In regards to the commitment of time I think that's a positive thing and we offer any technical advice that we can. The view from the mountain top is often enhanced by the journey and the companionship of others. Instead of isolation and alienation technology can promote community and networking.

Most of the technology we used in PORT is reasonably available and not prohibitably expensive. If it isn't free on-line (as much of the software is) then it can be borrowed or rented. This cannot be said of other forms of technology-dependent art work, especially those offering interactivity or virtual reality. The money normally used for the shipping, insurance and other art object necessities can go to the artists.

The participants themselves have access to a variety of levels of technological sophistication: from a single laptop using Internet Relay Chat to the professional broadcast studios of Pseudo Online Network and el Net. Most fall somewhere in between and few, if any, had the kind of institutional or corporate support that is required for highly visible projects like the recent Brain Opera from MIT.

There were around twenty-five projects presented for PORT though that number is hard to fix since many of the projects started to interweave with each other during the course of the exhibit. Following are my observations about some of them. For complete project descriptions and profiles see the PORT Web site.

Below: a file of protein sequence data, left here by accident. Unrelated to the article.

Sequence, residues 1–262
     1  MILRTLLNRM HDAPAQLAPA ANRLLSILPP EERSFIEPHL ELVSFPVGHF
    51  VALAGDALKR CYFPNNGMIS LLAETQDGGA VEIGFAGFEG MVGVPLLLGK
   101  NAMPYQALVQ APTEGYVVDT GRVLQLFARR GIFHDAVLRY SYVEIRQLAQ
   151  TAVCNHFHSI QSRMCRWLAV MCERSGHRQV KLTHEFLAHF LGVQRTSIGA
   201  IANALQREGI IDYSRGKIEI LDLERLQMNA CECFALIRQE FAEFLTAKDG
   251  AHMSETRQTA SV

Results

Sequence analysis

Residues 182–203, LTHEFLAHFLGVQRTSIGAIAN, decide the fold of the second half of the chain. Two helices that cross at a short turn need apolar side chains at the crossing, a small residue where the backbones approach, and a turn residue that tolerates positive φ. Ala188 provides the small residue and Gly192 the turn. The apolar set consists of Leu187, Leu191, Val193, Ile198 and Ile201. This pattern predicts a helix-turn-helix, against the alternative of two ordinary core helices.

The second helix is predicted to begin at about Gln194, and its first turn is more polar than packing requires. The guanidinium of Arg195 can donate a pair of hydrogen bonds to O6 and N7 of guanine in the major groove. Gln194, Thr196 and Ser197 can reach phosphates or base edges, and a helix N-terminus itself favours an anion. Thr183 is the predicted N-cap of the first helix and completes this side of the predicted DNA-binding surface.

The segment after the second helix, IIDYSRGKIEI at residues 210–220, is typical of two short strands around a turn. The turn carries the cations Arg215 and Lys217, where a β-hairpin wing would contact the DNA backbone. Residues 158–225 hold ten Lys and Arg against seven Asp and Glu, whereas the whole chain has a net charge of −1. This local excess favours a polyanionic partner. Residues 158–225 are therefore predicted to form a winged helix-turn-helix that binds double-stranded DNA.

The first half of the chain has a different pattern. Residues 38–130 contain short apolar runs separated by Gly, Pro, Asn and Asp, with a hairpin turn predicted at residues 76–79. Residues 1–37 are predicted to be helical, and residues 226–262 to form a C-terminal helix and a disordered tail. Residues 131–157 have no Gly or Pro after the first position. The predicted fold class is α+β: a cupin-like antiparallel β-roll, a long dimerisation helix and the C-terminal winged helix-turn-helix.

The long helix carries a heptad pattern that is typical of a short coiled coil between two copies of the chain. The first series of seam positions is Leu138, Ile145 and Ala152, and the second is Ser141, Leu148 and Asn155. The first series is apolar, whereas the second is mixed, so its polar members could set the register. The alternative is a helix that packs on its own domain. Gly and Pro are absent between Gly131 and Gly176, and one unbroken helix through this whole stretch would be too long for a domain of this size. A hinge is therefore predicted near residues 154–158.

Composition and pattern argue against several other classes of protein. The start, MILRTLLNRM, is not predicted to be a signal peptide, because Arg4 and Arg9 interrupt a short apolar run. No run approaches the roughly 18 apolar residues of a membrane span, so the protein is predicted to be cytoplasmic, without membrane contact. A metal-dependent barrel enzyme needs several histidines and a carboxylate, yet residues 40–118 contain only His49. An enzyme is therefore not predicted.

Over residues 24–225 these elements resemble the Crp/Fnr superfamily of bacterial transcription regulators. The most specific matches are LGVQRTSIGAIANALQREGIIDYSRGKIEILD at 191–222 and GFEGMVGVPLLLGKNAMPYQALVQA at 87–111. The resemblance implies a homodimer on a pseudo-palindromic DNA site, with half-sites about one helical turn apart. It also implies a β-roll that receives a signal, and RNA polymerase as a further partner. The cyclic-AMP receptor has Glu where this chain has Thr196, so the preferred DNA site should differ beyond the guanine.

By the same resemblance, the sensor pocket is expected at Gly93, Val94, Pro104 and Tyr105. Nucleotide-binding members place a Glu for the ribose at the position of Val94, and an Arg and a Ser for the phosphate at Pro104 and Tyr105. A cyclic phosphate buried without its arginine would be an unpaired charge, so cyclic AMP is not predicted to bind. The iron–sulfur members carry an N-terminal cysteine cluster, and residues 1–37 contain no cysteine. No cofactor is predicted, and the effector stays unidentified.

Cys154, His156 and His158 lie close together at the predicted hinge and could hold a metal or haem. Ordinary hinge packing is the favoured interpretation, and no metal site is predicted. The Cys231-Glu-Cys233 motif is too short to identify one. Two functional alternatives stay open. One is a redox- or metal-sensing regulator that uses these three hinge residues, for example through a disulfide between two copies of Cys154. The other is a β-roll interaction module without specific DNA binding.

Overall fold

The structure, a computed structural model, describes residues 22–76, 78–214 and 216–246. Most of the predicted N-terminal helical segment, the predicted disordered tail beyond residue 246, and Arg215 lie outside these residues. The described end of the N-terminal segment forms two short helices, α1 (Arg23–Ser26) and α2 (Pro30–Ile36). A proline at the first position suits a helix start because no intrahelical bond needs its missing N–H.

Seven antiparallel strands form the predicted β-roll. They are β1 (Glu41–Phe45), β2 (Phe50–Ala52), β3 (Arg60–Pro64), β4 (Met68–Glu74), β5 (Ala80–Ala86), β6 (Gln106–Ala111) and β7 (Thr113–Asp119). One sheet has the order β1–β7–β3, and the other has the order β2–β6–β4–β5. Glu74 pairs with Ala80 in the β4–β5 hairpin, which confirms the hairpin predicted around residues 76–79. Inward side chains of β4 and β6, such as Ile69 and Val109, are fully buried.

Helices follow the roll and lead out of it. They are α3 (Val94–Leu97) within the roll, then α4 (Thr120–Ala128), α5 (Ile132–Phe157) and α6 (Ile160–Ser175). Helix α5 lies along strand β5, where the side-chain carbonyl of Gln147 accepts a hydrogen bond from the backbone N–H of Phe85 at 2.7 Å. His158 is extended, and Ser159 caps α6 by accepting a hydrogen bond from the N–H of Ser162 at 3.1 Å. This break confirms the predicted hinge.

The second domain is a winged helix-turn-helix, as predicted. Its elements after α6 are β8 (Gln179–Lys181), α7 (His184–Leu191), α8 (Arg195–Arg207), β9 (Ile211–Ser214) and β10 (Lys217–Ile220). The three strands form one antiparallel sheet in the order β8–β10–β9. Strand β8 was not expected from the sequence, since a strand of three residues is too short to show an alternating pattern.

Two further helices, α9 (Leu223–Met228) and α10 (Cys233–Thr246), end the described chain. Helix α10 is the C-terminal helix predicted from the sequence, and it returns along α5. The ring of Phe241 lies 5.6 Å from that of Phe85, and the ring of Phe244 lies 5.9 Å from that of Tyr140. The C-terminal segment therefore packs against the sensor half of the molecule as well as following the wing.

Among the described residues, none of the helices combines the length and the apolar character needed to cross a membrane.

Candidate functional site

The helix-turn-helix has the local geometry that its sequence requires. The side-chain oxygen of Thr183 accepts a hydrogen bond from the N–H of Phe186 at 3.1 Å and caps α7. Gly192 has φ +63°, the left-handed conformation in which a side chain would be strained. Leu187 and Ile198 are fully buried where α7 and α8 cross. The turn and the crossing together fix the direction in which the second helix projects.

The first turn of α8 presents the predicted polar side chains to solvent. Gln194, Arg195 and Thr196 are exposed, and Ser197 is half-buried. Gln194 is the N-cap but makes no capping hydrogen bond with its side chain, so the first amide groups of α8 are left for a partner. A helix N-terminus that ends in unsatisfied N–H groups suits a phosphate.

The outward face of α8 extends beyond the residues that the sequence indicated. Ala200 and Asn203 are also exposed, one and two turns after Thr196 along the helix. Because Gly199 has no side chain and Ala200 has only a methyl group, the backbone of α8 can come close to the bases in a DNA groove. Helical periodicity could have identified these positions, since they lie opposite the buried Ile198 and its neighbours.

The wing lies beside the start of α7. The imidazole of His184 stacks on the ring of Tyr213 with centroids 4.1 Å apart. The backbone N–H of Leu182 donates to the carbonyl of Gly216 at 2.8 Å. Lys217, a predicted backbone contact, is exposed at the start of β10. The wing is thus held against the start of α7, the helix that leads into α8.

The PORT-MIT listserv started three months prior to the opening, along with the Web site, and ended shortly after the close. What remains is an archive of the daily posts that is one history of the project. On the Web site an informal journal and documentation of the planning process provide another. We are in the process of creating a printed document out of these that will run to some 1,000 pages.

The Web site will remain indefinitely and we are hoping that it can also be preserved off-line as well. It was, and is, as much a "site" of the exhibition as the List Center gallery, if not more so now since the gallery installation is gone. You'll find our original proposal, a time line, participant and project profiles and screen shots automatically taken during sheduled performances in the gallery space.